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Explore This IssueJuly 2023
Laryngeal conservation surgery includes open and endoscopic approaches that address select malignant laryngeal lesions to achieve local control while preserving function. Partial laryngectomy in select T1–T3 tumors can provide excellent long-term oncologic and functional outcomes while sparing the morbidity of radiation therapy or total laryngectomy yet still allowing these options in the future. While the goal is functional organ preservation, partial laryngeal surgery may impact voicing, swallowing, and airway protection. Patient selection is critical, as chronic aspiration may lead to pulmonary complications in those whose baseline pulmonary function is impacted by smoking, age, and medical comorbidities. Although understanding tumor extent helps determine resectability, patient factors such as general health, preoperative swallowing, wound healing capacity, and pulmonary function aid in determining ability to tolerate postoperative aspiration and overall surgical candidacy.
Increased postoperative pulmonary complications have been noted in patients with a history of cardiac failure, functional limitations, or chronic obstructive pulmonary disease (COPD), and those who are current smokers, American Society of Anesthesiologist (ASA) class ≥2, or age ≥60.1 Preoperative pulmonary function testing (PFT) is the standard of care in cardiothoracic surgery to identify patients who may not tolerate reduction in pulmonary reserve and are at risk for pulmonary complications or death. PFT has been proposed as a preoperative measure of pulmonary function and reserve for patients who may have temporary or permanent aspiration secondary to partial laryngeal surgery. Although laryngeal tumors may represent a fixed extrathoracic lesion, conservation surgery is generally indicated for T1, T2, and select T3 tumors, which may not be large enough to restrict airflow or require preoperative tracheostomy.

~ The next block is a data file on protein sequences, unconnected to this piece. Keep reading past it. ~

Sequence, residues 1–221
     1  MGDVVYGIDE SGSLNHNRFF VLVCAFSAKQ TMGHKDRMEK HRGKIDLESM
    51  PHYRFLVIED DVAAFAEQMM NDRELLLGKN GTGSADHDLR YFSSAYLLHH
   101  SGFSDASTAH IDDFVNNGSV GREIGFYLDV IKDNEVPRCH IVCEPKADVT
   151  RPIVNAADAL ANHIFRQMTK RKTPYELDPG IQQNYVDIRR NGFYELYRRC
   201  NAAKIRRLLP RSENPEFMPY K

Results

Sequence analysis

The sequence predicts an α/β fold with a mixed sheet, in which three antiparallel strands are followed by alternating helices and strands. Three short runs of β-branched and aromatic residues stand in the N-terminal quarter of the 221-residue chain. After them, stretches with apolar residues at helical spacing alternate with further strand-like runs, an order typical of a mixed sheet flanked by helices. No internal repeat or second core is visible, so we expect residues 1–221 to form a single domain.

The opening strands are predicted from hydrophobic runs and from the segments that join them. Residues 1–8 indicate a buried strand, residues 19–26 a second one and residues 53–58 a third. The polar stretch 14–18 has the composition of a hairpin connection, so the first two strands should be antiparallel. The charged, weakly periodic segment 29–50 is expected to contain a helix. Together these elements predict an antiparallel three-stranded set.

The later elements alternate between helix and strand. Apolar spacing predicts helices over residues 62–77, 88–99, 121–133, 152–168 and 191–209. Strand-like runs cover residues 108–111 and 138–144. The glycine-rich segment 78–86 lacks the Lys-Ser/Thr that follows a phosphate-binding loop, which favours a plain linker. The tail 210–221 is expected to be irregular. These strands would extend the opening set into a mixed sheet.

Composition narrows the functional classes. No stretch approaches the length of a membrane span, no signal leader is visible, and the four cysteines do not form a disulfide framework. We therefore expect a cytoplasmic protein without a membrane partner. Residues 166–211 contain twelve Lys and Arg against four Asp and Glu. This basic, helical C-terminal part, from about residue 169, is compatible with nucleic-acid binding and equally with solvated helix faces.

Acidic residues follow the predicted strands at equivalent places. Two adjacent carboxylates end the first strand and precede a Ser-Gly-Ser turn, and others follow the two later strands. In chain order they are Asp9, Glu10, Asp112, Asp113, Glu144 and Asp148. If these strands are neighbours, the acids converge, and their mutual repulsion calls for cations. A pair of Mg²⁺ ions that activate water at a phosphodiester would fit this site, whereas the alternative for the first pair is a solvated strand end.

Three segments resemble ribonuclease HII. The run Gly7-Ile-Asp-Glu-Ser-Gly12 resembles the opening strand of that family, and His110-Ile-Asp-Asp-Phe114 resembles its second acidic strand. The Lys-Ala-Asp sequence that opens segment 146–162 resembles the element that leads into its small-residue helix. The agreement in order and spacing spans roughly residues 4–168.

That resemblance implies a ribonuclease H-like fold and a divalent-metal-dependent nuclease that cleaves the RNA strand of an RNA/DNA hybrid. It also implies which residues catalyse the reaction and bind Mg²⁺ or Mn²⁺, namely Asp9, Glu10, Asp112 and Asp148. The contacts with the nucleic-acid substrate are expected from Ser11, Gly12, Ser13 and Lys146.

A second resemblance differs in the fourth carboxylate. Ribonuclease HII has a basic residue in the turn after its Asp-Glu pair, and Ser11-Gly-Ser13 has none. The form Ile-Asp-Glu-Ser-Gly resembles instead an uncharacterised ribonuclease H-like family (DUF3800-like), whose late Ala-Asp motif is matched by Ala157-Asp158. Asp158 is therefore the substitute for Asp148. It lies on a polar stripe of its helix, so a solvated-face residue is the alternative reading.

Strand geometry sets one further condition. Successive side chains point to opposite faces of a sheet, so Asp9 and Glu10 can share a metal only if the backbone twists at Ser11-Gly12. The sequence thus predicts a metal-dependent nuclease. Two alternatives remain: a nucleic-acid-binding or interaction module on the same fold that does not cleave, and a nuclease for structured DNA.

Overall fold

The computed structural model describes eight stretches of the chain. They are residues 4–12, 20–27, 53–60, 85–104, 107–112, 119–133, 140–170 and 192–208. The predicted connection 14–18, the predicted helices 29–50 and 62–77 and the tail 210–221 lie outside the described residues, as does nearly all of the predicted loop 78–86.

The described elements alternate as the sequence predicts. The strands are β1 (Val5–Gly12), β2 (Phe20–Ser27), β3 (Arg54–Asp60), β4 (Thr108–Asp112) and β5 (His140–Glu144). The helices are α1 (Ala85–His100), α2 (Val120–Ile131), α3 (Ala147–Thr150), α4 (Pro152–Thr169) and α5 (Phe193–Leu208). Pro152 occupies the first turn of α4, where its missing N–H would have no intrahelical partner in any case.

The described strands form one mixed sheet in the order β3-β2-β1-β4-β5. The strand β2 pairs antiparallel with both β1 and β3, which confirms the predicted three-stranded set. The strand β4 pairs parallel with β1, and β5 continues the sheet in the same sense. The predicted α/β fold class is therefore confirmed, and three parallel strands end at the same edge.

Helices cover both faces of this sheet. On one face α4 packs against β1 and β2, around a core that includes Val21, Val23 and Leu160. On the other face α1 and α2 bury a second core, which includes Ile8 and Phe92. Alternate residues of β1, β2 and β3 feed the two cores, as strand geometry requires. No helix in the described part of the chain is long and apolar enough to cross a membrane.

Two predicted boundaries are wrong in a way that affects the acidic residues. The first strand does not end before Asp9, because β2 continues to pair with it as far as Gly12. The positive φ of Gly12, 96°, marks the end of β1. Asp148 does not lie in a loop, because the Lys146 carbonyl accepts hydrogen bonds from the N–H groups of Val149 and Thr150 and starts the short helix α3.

There is a paucity of high-quality evidence guiding the appropriate use of preoperative spirometry in the assessment of perioperative partial laryngectomy pulmonary risk, and there is no literature related to endoscopic approaches. Inherent in previous studies, however, are some minimal physiologic and fitness selection criteria for patients undergoing partial laryngeal surgery. As patients undergoing laryngeal conservation surgery are at risk for pulmonary complications, those with underlying contributory comorbidities should be risk stratified. Exercise testing and/or PFTs should be considered in patients with COPD, age ≥60, ASA class ≥2, functional limitations, or congestive heart failure, as evidence exists that these patients are at increased risk for pulmonary complications and merit increased scrutiny. When performed, FEV/1FVC >50% should be considered as a minimum criterion, with ideal candidates demonstrating pulmonary reserve by exercise testing.
Although there is no evidence that one specific value determines surgical candidacy or precisely predicts postoperative pulmonary compromise, this assessment will inform the perioperative risk factors to aid in a shared treatment decision-making process. Ultimately, multi-institutional prospective studies are needed to better understand the role of preoperative testing in evaluating candidacy and pulmonary-related outcomes in patients undergoing open or endoscopic partial laryngeal surgery.